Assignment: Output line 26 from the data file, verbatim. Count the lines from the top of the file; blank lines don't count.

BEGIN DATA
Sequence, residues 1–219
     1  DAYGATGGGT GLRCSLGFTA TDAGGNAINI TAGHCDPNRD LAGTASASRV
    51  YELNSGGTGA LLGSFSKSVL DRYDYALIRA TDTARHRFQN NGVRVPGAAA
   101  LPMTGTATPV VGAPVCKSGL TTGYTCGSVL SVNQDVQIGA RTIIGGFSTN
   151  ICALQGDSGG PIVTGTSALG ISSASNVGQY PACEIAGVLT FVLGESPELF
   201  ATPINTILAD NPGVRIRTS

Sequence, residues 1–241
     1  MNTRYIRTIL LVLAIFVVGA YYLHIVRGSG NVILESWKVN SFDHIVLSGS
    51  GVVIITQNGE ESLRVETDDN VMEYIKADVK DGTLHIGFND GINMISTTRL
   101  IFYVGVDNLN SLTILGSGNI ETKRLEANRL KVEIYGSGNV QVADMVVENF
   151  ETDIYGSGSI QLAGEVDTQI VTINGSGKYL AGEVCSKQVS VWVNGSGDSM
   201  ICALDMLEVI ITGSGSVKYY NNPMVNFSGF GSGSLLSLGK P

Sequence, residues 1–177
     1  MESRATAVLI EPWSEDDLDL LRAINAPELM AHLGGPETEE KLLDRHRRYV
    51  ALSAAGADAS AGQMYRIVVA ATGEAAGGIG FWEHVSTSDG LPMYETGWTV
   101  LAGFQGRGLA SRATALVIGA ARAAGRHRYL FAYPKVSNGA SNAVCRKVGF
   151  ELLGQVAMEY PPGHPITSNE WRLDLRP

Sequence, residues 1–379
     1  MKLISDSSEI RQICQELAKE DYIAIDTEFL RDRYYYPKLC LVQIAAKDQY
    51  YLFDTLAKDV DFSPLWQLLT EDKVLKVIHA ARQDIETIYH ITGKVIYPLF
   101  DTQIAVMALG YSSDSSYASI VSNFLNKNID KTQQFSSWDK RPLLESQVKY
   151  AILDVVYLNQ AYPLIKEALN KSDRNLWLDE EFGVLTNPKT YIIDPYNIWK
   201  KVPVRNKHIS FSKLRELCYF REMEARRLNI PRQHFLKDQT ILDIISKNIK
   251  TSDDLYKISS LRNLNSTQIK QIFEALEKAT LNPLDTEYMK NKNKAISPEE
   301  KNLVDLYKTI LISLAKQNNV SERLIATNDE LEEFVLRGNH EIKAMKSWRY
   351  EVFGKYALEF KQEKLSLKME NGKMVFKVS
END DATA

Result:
   351  EVFGKYALEF KQEKLSLKME NGKMVFKVS